The Team’s Blueprint for Creating Government-to-Citizen Platforms

  1. They prioritized a collaborative and inclusive approach, creating unusual and dynamic partnerships that braided technical, topical and tactical mastery to solve a complex civic challenge.
  2. Leveraging existing research, they identified a very clear community need, and they embedded academic and behavioral learning into the platform’s design.
  3. They put the user experience at the forefront of the solution, seeking customer input from very early in the process.
  4. They created open-source solutions so that the platform could be scaled and individualized, community-by-community.
  5. They adopted the philosophy that they are never fully finished. They have stayed nimble and flexible, ready to pivot as needed so that the program can better serve current and evolving needs.

What makes this platform so important right now?

A sense of urgency is driving the dual goals of creating a topnotch system for New Jersey that could be replicated nationally. The current rate of U.S. unemployment, significantly worsened by the Covid-19 pandemic, is above 10 percent. People of color, already burdened by a racial wealth gap, are disproportionately affected, with the unemployment rate for Blacks at about 15 percent. Whites are at about 9 percent, Latinx are 13 percent and Asians are 12 percent, according to the U.S. Bureau of Labor Statistics.

NJ Jobs partners look at white board of information

Millions of these out-of-work Americans are facing the stresses of long-term unemployment, which economists define as joblessness that lasts longer than six months, and which has numerous well-documented damaging effects on individuals, families and communities.

At the same time, the job market as a whole is experiencing an unprecedented evolution, with some industries shrinking significantly or even disappearing as events and travel contracts and work-at-home becomes more prevalent. Up to 42 percent of the Covid-19-induced layoffs will result in permanent job loss, estimates the University of Chicago’s Becker Friedman Institute.

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Finding a job—in either a familiar or new sector—is a significant challenge. Many online solutions present copious information about everything from what to wear to interviews to the best websites for listings, and the New Jersey Career Network hopes to coordinate with some of them. Job seekers don’t lack access to information; rather, they often find the amount of information—and identifying a personalized path through it—crushing.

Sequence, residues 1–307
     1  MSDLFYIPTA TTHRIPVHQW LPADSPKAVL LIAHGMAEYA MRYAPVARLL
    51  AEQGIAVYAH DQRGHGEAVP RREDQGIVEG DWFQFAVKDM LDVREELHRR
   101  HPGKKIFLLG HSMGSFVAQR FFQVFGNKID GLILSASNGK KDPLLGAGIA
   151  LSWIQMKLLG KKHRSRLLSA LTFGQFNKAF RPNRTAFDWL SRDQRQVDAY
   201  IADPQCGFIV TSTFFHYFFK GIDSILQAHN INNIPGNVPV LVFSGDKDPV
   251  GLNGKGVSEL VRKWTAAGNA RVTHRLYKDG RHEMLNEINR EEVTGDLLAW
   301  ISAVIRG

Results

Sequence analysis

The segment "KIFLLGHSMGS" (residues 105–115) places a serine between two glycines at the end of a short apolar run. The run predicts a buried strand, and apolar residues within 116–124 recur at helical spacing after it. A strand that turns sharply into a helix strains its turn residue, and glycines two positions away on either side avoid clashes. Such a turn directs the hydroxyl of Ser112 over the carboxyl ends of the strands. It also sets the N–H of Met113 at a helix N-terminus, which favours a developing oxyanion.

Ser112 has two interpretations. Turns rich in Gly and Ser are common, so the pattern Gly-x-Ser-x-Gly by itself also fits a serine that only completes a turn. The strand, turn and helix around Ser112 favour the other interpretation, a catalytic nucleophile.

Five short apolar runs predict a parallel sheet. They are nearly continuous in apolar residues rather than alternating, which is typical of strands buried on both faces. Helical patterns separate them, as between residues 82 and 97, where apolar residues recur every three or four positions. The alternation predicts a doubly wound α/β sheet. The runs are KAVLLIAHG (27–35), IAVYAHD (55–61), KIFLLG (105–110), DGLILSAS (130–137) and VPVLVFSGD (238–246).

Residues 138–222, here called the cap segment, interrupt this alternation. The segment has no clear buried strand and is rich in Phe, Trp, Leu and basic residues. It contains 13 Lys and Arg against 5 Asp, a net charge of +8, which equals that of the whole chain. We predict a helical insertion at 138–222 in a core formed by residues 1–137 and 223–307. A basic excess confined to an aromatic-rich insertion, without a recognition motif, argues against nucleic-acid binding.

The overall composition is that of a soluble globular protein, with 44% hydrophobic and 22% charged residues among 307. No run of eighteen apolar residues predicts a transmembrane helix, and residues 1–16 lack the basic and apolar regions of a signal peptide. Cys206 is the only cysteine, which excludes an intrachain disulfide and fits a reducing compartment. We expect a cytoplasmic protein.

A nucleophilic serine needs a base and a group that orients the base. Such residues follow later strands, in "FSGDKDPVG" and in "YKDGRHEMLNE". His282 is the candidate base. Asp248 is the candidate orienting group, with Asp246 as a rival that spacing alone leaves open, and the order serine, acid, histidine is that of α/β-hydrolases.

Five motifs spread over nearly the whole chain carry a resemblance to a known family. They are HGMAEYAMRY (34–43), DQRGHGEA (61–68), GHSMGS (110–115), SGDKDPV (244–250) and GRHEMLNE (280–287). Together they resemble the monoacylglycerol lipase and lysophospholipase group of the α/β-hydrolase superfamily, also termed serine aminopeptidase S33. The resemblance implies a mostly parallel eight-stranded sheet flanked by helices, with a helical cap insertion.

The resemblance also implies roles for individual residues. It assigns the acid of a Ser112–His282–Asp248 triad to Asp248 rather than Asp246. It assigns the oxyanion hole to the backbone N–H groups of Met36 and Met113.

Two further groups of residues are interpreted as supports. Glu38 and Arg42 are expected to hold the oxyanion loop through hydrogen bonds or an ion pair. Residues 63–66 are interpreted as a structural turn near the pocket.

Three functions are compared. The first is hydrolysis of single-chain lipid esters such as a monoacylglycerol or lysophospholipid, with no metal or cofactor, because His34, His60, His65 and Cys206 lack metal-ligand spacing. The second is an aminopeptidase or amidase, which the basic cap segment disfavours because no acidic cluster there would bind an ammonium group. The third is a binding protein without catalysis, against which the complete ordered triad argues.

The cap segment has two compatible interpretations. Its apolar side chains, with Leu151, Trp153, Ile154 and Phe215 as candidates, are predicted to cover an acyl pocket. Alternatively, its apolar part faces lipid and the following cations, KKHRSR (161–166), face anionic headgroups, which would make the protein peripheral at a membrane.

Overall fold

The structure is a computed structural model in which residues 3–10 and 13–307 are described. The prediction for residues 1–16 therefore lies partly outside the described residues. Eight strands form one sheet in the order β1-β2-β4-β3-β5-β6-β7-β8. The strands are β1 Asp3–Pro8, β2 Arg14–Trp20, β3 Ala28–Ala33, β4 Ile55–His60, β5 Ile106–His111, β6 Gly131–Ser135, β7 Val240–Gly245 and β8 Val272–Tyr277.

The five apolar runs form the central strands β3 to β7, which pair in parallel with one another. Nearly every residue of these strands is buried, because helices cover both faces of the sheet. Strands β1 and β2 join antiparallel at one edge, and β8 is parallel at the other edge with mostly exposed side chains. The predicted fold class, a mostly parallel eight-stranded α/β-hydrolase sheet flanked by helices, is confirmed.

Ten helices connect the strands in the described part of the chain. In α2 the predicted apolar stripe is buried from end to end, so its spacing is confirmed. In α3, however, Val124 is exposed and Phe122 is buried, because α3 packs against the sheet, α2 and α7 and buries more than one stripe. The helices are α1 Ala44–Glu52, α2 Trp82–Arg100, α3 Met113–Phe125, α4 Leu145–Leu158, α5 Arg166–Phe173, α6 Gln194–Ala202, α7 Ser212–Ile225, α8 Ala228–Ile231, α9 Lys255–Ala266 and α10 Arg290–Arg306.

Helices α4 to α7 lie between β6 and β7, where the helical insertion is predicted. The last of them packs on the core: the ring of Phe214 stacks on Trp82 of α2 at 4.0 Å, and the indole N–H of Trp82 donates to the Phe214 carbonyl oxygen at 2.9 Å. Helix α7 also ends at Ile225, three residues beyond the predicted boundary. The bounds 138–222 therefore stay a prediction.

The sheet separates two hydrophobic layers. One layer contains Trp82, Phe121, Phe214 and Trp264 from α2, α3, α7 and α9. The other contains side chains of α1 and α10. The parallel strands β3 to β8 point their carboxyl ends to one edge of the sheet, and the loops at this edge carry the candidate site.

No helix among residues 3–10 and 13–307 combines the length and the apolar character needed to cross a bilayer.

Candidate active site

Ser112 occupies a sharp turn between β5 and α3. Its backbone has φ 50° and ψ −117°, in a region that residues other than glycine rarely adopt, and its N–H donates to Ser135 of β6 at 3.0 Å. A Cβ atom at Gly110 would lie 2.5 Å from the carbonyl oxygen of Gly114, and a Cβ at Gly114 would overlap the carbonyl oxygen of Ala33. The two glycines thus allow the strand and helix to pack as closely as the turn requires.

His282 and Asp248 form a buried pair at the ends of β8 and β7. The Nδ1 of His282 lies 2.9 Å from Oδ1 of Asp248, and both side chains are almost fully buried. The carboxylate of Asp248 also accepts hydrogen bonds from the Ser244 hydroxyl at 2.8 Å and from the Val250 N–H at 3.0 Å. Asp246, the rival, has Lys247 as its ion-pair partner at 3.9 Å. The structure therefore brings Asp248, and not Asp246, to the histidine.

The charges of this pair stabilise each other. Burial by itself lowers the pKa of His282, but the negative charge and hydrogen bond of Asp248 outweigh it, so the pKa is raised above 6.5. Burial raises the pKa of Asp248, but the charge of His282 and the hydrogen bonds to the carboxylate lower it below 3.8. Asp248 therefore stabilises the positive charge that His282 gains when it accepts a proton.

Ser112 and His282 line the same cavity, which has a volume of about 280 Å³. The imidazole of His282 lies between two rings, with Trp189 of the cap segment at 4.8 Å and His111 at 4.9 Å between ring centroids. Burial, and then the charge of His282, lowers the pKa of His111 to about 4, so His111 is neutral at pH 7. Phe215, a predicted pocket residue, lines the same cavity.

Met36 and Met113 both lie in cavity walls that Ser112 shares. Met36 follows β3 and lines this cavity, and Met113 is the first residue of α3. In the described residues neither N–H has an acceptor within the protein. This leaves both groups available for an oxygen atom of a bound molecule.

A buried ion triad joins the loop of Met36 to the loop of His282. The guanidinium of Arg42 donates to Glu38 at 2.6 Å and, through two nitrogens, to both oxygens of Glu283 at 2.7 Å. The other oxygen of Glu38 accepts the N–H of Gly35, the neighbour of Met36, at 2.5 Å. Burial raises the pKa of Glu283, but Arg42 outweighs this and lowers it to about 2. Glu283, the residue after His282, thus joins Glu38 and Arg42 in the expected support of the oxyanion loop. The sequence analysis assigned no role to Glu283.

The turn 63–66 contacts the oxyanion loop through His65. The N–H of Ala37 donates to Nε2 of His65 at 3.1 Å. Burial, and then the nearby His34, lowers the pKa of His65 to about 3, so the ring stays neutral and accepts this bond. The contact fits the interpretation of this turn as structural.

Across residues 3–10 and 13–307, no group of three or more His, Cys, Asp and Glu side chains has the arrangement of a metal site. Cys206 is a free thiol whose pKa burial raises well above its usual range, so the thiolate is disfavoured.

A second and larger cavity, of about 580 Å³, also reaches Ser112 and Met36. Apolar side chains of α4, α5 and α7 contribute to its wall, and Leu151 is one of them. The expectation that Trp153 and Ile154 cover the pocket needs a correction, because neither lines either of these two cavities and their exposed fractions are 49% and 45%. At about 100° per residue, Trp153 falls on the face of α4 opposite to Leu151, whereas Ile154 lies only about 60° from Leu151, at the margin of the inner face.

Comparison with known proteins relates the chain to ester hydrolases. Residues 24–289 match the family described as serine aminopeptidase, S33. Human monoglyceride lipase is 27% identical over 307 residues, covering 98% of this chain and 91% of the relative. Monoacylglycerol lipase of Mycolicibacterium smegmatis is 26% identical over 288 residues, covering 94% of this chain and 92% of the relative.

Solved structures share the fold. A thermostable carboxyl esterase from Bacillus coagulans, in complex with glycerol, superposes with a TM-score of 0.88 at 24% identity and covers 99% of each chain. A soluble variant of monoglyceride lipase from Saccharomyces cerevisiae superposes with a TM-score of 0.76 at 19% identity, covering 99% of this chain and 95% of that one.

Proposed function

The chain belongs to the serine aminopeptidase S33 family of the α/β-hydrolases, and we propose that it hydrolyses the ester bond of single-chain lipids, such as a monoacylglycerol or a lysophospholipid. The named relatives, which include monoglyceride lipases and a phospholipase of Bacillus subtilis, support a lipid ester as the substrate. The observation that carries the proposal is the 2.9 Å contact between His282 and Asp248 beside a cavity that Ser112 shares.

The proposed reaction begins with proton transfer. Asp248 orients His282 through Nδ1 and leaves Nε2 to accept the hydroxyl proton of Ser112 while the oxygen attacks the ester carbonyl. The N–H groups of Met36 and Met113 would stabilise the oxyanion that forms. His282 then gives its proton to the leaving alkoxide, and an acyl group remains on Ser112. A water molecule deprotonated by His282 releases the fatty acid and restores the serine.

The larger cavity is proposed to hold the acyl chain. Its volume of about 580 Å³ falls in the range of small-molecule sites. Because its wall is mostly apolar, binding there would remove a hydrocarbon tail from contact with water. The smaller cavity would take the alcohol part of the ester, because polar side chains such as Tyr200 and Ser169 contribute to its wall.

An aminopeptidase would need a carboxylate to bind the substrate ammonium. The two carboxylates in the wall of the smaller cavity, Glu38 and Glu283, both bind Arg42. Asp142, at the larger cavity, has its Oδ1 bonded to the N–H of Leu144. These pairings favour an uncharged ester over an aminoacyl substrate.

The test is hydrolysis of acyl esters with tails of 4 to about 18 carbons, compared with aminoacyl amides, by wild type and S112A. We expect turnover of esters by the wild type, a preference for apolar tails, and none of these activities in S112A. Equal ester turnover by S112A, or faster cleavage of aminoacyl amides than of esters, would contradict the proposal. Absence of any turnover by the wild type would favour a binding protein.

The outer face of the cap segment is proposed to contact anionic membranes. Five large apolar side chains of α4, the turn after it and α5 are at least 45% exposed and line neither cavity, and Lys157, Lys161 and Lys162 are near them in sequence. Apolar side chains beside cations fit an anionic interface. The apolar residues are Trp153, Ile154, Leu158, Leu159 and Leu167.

Job seekers are overwhelmed. They get discouraged because they have too much information and not the right information,

said Dr. Carl Van Horn, Founding Director of the Heldrich Center and a recognized expert in employment policy issues. “Plus, the ratio right now is an average of about ten job seekers for every available job so it’s an experience of frequent rejection, even for the most qualified.”

In-person support has proven successful in helping job seekers navigate this terrain. But it is not a scalable solution, and harder even on a small scale during a pandemic. At the same time, underfunded government services are stretched thin. There aren’t many tools created for public good that have been tested and validated by a collaborative team with this much expertise in policy, tech and innovation.

What makes this platform different?

The New Jersey Career Network site aims to help its users focus on overarching career goals and then break into bite-sized pieces the process needed to get there, and to accomplish this, the design team has prioritized user experience, actively sought feedback from jobseekers and embedded behavioral research within its features.

“The idea is to help you get in the mental place to get a job, and we are going to walk you through a few steps every day with a bit of psychology and love,” says Allison Price, a DIGI senior advisor.